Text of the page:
Photos don’t do justice to capturing the beauty of the winter sky here. Watching the daily flow of blues, greys, and purples is reason enough for us to be thankful for our daily work here at the farm.
Our January work has us moving in two concentric circles. One is based on the palpable needs of critters, plumbing, and general care that takes place in a circle of barns and greenhouses that are near to one another on the farm property. The second circle is that of the planner, and dreamer of the season to come. This circle takes place with hands on a keyboard, the flip of catalog pages, bookkeeping notes being filed, and checks to seed and equipment companies being written.
The daily needs of the animals largely fall under the work of Lee and his son Aran, who recently rejoined the farm to be a full-time farmer. Taking care of animals in the winter can develop a routine that for the most part is as circular as the footsteps we take between barns, grain, manure pile… As in the summer, milking happens twice a day, but it is the extra work of feeding out stored hay and rebedding pens that can make what was once simply a morning chore, a nearly full day event. There are breaks in the routine that capture our eye and make us smile. We’ve had several new calves born over the past month that are feeling good in their bodies and are full of play.
Sometimes a usually mundane event becomes entertaining. Last week the very large truck (34 ton!) that delivers our sawdust for animal bedding backed-up to the barn door, as normal, and started to blow the sawdust into the barn. The noise of the blower practically halts my attention to anything that is not in front of my eyes, so neither I, or anyone else, noticed that the driver didn’t attach the extension pipe to blow the bedding to the back and far side of the barn. The truck pulled away and the new bedding made about an 8′ high mini-mountain all the way up to the calve pens. A path was shoveled and the normal chore day went on. But that evening as the nurse cow was being led to her babies, she too had to stop and look at the pile, uncertain if she wanted to proceed. This same material that she lies on each night was a totally different beast, as a big amorous pink pile outside her pen. After a short ponder, she decided to make her way past the bedding. Lee had a story to tell me at night, and the every day circle of chores had a moment of being broken.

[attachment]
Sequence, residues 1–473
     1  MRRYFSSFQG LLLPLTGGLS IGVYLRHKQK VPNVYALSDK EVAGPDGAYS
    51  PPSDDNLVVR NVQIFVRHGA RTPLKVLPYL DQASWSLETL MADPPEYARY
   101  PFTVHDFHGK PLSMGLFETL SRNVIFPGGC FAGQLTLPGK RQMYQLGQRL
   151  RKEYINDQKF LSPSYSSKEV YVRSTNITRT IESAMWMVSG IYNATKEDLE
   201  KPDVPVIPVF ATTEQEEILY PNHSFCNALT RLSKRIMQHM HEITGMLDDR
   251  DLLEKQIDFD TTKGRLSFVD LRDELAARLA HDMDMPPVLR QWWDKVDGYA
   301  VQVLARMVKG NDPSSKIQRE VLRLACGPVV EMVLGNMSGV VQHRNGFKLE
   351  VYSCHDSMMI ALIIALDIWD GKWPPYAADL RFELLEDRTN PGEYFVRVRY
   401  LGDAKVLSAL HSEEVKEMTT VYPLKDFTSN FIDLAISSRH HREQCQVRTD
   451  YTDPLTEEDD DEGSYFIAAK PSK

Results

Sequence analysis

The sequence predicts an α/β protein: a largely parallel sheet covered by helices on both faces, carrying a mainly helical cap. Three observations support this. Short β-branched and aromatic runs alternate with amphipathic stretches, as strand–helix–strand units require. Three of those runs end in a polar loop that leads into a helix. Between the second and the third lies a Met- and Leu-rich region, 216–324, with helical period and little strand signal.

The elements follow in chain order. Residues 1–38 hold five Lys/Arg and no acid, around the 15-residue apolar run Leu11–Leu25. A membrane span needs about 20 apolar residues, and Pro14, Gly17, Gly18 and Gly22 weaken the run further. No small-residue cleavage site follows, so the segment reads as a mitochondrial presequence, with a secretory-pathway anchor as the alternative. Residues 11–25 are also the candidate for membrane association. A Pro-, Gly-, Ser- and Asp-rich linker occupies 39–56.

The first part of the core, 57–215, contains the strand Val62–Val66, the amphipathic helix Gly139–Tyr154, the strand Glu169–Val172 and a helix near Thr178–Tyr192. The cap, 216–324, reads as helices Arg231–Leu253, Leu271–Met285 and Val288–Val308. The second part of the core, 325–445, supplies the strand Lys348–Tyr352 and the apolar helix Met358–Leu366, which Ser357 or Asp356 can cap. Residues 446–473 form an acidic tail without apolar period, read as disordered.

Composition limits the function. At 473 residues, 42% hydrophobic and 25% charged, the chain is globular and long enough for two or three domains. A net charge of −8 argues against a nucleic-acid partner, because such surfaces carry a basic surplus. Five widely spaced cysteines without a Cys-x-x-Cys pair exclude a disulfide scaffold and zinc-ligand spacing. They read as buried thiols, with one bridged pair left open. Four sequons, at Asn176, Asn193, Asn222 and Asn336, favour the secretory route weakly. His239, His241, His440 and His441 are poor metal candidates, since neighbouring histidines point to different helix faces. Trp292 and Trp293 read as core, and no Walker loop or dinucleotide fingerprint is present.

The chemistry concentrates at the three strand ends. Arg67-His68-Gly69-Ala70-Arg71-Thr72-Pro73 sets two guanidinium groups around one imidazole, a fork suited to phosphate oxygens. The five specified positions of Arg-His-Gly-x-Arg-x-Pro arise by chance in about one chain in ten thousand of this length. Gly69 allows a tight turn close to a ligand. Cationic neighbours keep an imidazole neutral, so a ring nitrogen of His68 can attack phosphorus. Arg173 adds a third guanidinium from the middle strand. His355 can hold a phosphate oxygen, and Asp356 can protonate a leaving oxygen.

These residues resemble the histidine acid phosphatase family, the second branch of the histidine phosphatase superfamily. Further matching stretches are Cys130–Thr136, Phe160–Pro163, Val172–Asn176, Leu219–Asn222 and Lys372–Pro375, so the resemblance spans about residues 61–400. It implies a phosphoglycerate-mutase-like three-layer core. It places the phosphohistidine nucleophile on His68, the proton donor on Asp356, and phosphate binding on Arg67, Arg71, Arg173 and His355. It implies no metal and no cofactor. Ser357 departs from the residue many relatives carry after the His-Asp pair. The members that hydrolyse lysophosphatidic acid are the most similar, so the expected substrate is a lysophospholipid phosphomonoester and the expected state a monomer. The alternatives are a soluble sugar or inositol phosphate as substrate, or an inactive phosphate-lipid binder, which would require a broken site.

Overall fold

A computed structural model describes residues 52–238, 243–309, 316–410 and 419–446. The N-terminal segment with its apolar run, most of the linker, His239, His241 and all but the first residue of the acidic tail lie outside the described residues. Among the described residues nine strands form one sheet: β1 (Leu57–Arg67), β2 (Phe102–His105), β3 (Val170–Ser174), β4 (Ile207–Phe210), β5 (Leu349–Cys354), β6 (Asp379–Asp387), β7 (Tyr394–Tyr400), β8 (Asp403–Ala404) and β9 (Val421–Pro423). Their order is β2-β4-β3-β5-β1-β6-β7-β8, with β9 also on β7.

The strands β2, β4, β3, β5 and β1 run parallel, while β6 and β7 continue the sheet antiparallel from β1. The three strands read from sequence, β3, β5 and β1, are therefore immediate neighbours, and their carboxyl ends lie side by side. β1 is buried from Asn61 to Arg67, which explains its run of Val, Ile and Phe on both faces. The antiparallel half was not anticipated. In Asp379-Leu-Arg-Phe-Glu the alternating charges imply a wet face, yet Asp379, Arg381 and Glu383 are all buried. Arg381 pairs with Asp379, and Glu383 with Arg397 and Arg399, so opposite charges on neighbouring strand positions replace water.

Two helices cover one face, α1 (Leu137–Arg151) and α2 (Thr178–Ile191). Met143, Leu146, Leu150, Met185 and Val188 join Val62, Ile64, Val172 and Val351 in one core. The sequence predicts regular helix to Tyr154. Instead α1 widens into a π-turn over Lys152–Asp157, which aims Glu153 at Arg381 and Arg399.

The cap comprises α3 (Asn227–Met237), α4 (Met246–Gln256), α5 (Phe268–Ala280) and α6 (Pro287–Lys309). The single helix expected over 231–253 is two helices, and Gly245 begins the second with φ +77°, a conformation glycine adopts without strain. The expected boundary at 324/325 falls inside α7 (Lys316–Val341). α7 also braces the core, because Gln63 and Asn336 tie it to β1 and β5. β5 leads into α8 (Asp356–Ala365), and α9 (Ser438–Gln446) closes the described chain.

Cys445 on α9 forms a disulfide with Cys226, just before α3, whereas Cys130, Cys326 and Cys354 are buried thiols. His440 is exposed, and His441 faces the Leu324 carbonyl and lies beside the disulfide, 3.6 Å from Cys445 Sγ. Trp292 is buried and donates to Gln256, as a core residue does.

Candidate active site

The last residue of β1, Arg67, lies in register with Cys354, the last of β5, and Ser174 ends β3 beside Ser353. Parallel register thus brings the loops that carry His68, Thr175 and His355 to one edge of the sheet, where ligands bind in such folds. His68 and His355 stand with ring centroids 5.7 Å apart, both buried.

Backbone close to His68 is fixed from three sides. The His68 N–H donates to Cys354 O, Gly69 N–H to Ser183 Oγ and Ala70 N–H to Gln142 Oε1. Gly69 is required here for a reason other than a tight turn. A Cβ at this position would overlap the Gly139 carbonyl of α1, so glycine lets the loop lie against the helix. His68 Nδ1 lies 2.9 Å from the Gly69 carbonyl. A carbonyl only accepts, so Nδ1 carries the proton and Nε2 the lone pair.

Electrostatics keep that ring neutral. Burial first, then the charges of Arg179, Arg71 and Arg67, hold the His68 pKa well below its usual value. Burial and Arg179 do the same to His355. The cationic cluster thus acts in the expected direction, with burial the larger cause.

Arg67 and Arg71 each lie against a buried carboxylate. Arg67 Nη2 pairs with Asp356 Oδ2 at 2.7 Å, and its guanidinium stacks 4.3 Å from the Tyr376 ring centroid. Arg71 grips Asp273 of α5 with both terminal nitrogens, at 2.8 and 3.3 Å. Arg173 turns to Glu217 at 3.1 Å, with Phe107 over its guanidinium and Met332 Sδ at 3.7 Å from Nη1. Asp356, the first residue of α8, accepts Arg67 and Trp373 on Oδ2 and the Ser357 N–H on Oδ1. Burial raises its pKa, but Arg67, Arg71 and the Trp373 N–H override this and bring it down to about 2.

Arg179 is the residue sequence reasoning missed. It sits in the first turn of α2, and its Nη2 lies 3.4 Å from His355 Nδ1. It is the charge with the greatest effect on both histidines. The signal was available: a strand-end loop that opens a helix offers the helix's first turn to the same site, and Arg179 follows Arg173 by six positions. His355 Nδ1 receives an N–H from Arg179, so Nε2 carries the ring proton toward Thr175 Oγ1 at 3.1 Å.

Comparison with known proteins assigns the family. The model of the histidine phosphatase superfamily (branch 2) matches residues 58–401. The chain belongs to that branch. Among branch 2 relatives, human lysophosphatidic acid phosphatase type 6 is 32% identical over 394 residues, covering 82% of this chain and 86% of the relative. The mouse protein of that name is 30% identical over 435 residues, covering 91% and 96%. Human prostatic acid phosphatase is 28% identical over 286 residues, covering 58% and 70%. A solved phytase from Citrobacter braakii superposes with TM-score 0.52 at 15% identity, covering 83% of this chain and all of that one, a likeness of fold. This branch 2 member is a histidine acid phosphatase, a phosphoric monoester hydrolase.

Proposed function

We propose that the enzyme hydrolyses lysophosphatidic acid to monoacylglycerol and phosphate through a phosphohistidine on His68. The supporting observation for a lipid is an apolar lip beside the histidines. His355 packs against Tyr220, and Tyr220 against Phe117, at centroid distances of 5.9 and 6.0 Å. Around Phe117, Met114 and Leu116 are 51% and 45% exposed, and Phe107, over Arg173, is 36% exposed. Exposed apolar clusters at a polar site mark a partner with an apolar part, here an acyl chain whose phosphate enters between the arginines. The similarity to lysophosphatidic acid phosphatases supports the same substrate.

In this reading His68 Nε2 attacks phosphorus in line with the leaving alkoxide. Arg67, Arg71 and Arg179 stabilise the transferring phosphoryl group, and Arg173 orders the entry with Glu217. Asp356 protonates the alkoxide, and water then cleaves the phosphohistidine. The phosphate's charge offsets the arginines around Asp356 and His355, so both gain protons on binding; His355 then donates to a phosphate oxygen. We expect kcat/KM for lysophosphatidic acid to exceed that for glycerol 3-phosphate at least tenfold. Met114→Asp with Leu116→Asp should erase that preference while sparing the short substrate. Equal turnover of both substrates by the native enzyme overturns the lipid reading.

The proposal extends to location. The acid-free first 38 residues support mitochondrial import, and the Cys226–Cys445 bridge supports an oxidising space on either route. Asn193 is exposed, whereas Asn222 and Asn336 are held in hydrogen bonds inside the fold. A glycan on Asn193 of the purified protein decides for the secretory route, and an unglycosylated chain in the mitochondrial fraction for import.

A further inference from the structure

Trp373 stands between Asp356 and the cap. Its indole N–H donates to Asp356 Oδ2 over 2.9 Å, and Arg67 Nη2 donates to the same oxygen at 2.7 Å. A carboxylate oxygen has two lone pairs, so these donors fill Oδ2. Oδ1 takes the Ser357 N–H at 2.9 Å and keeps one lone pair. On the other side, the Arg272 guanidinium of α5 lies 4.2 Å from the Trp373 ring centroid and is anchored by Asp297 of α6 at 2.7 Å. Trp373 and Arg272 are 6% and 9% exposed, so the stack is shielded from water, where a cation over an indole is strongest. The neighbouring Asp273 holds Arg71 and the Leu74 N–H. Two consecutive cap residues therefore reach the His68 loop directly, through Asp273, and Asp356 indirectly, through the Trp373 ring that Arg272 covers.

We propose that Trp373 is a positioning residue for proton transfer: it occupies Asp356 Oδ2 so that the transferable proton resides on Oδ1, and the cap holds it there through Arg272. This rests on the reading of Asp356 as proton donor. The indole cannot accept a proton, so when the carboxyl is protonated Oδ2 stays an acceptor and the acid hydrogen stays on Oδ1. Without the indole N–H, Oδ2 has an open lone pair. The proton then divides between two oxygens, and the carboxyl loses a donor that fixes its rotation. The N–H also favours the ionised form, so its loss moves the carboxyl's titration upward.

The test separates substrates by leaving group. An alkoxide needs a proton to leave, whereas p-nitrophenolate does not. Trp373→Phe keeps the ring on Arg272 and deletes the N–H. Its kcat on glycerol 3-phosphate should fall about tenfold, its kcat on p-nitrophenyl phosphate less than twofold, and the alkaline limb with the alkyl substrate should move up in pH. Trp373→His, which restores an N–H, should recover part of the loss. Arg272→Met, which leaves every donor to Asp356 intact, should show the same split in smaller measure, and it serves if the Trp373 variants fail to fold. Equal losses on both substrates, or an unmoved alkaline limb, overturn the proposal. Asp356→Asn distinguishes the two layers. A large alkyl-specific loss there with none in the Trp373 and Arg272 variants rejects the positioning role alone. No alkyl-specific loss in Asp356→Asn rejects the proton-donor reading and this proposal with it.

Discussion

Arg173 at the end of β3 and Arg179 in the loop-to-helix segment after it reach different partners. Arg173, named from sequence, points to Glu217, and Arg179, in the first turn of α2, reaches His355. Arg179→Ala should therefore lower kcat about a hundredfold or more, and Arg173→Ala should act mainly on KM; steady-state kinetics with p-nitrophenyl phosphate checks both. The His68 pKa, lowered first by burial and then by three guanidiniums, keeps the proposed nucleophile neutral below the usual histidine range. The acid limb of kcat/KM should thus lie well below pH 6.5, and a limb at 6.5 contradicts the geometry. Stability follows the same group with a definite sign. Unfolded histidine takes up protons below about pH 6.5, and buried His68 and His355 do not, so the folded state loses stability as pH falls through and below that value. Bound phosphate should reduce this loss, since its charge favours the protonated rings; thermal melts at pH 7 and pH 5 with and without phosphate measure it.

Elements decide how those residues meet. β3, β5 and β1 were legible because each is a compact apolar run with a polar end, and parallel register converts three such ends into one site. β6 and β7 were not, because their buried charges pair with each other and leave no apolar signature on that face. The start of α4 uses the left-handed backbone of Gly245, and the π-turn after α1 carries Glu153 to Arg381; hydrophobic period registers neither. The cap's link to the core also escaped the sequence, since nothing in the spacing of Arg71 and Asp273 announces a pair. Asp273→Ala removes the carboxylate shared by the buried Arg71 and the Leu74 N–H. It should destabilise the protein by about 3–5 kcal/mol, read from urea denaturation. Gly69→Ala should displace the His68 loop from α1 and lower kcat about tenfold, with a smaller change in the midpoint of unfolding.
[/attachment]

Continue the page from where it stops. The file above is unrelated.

During the month of August, when the stress of harvest time has me quietly day dreaming of seed catalogs and a rocking chair by the wood stove, I forget that this time of year can definitely feel like work too. In this time of reflecting on the past season and planning for the new, I’m very aware that the days, and weeks, and months are passing by. It won’t be long before I’m starting seedlings in the greenhouse again. In my planning I’m living in the past and the future, and just like the summer, there aren’t enough hours in the day.
Our seed orders have all be submitted and I’m starting to imagine what the new crops will look like in the field. I’ve long ago retired the idea of A Plan, because summer sun and rain never work the same way as January calendars and pens dictate. Instead, we will go into this next season with good notes about what each crop will look like, and the general time of year it likes to be planted.
This season we can look forward to a return of the Allium family, as leek and onion seed has been ordered. I haven’t planted onions since a disastrous 2009 and am excited to slowly start bringing them back into our growing routine. Our most notable change in the seed order was the purchase of a large quantity of lettuce seed, all downy mildew resistant, all packaged individually be type. Last year a mold landed at the farm that will plague us for many years to come, unless we are careful. All of our dear salad mixes will now come together from lettuce and mustard types that are grown individually, cut separately, and mixed back at the packing station. The new seed is very expensive, and this will be a significant change in seeding and harvesting routine (a practice we only did on a limited basis in the past), but it is necessary. On the bright side, I’m already imaging my giddiness over watching the different leaf patterns and colors come together as we blend the greens. I find salad greens to be ridiculously beautiful.
As our days continue to turn forward here at the farm, we are enjoying this quieter season that keeps us at home, spinning in our animal and desk work circles, but we think of you – our customers and community.
I hope you are having Maine wintertime dinners that fill you with warmth. Tonight we have a winter squash, carrot, ginger soup simmering on the stove. Kale from outdoors (!) is awaiting a quick sautee’ on the side.
Hearty eating to you,